Rape and pregnancy of 11-year-old reignites abortion debate in Bolivia

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The case of an 11-year-old who is 22 weeks pregnant has reignited the debate around abortion in Bolivia.The girl had been in the care of her 61-year-old step-grandfather, who allegedly raped her, in the town of Yapacaní, in the Santa Cruz province, for more than five months, while her mother and stepfather were in La Paz for work.She told a cousin that she was feeling “strange movements in her belly,” said Ana Paola García Villagomez, executive director of la Casa de la Mujer, a nongovernmental organization that advocates for women’s rights and has been involved in the case. The girl’s cousin told her mother, who alerted authorities.The case wound up before the Santa Cruz children’s ombudsman. “After her aunt reports it, the ombudsman intervenes, the girl goes through a psychological interview where she clearly says that all she wanted was for this to be over. She wanted to continue her studies, to be OK and to have what she had inside her body taken out,” García Villagomez said. “She didn’t say the word ‘baby’ or ‘pregnancy’ because she had no knowledge of what it meant to be pregnant.”Her step-grandfather was placed in custody. Last week, the girl’s mother brought her to the Percy Boland Women’s Hospital in Santa Cruz, seeking an abortion.In Bolivia, a 2014 constitutional ruling established that a pregnancy can be legally interrupted in cases of rape without the need to obtain a court order. (Women can legally have access to abortion in cases of rape among other exceptional circumstances since 1973. The 2014 ruling eliminated the need of a court order to perform the procedure.)
But last Saturday the girl’s mother, accompanied by a woman who claimed to be a lawyer for an organization associated with the Catholic Church, said that the girl had changed her mind, according to García Villagomez. The girl left the hospital and was placed in a shelter run by the church’s organization. “We haven’t been able to get in touch with the girl’s mother” since she stopped answering their calls, García Villagomez said.“There’s been a total violation of the rights of a poor child who’s 11 years old, who’s being forced to be a reproductive machine,” she said.In a statement issued Tuesday, the Bolivia’s Bishops’ Conference urged “authorities to respect and protect the right to live and the right to be healthy of both the girl, who is a victim of rape, and the unborn baby. Both lives should and ought to be protected.”“Since both her mom and the girl decided to continue with the pregnancy taking into consideration both the girl’s and baby’s health, other options should be sought, such as a adoption, since the girl is predictably not mature enough yet to take on taking care of the baby,” the statement continues.Advocates see that as an understatement. García Villagomez wondered about the emotional impact carrying the pregnancy to term and giving birth could have on the 11-year-old.Adolescent pregnancy comes with high risk, and babies born to adolescent mothers come with high risk of severe neonatal conditions, according to the World Health Organization. “Complications during pregnancy and childbirth are the leading cause of death for 15-19-year-old girls globally,” the WHO warns, and risks can be even higher for younger adolescents.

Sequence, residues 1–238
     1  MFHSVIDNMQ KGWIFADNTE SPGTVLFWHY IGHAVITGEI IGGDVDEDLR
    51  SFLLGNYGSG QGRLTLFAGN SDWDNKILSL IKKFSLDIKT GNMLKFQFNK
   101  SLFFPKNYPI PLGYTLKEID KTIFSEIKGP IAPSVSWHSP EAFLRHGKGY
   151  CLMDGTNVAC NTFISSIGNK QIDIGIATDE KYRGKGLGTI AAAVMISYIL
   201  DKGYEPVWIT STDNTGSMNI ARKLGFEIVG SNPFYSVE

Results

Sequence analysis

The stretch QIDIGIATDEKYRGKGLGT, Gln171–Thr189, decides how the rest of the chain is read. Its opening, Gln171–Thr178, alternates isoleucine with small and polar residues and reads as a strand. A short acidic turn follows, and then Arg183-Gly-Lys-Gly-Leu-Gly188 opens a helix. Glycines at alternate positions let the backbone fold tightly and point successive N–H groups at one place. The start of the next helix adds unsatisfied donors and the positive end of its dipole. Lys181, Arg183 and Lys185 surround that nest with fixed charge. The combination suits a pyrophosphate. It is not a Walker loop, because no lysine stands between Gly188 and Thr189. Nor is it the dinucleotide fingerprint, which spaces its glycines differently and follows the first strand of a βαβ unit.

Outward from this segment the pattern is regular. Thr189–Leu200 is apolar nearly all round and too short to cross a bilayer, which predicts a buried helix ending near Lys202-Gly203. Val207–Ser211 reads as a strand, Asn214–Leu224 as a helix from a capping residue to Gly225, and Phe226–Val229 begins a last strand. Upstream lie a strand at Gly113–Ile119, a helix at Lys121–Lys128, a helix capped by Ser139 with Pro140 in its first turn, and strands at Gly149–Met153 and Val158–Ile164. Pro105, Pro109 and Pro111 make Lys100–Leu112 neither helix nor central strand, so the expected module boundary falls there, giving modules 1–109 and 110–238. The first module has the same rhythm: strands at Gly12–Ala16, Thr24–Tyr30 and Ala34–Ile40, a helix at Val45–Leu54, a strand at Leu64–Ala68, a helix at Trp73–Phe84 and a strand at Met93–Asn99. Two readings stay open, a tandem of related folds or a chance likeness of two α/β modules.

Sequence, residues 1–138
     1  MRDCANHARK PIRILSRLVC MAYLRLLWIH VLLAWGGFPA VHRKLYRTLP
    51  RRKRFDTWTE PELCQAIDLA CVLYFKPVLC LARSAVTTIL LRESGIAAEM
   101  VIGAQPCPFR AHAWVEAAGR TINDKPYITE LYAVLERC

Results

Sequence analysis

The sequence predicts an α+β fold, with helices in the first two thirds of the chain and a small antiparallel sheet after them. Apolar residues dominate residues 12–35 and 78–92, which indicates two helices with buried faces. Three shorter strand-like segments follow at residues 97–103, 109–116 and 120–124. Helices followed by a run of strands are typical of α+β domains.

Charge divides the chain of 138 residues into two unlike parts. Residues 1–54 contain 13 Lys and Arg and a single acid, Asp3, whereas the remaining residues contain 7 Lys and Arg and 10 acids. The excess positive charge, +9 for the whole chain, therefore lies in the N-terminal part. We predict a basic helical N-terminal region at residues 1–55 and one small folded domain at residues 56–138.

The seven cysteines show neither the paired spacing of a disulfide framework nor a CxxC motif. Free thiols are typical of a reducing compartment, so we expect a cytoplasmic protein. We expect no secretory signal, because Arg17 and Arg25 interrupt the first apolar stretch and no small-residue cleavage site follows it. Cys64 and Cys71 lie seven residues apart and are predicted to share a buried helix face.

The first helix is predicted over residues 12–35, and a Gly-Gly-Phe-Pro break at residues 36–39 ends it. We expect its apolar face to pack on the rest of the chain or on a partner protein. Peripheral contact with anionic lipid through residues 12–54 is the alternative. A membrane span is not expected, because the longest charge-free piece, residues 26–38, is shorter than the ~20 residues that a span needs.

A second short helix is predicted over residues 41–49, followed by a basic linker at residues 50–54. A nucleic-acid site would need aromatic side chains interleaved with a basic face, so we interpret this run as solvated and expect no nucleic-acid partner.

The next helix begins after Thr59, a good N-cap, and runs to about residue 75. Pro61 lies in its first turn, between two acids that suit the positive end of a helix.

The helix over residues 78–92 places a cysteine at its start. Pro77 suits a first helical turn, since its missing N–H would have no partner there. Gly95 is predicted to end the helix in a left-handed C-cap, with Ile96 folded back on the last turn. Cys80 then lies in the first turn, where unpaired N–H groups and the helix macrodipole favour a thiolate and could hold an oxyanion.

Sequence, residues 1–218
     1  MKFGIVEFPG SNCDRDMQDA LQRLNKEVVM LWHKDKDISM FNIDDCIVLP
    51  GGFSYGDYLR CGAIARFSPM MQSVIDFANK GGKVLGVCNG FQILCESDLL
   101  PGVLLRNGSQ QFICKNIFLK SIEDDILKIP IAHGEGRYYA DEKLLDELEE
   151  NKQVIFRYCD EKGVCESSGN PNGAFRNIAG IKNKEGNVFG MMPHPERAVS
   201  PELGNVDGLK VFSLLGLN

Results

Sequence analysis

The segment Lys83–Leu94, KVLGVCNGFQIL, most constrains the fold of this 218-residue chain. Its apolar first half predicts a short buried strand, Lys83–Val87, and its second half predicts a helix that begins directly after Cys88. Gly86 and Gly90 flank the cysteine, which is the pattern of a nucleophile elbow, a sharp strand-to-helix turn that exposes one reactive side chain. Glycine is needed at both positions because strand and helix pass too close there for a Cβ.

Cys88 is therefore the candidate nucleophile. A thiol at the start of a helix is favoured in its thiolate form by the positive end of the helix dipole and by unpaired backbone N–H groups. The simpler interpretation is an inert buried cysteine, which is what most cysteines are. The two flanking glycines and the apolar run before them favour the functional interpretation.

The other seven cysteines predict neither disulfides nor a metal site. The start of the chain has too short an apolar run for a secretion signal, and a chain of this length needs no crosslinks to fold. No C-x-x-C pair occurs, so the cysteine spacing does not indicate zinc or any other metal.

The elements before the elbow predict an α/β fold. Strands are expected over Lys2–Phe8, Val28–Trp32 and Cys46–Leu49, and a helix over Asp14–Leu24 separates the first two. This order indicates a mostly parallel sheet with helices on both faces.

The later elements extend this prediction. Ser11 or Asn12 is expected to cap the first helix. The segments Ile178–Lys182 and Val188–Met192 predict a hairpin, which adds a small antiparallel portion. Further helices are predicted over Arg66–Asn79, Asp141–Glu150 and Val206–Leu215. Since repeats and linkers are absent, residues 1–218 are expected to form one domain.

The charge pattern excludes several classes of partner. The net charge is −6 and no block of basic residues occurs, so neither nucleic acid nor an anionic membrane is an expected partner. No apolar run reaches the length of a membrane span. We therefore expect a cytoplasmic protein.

The intervention of the church amid the reversal of the girl’s decision prompted agencies, activists and NGOs to assert the girl’s right to an abortion.Nadia Cruz, Bolivia’s human rights ombudswoman, said in a news conference Tuesday that her agency was filing a criminal complaint against the girl’s mother, the hospital’s personnel, the authorities from the Children’s Ombusdman in Santa Cruz and Yapacaní, the church organization and the Santa Cruz Bishop’s Conference, “for breach of duties, and human trafficking with the purpose of forced pregnancy.”Demonstrations over abortion rights erupted in La Paz Wednesday. The United Nations office in Bolivia called on authorities in a statement to protect children’s rights, adding that “to submit a girl to undergo a forced pregnancy is a form of torture.”“From the point of view of our faith, there’s an absolute conviction to protect life,” Susana Inch, legal counsel for the Bolivian Bishop’s Conference, said Thursday in the church’s show “Iglesia Viva e Diálogo.” “Even when there’s an instance of sexual violence, even when there’s a high-risk pregnancy, even when everything is unfavorable, the conviction is to protect and save that life under any circumstance.”García Villagomez said the church had overstepped its bounds.“It’s shameful what is happening in [Bolivia], a secular country,” García Villagomez said. “I don’t know what the Church is doing meddling in these kinds of issues.”
This story was originally published at washingtonpost.com. Read it here.



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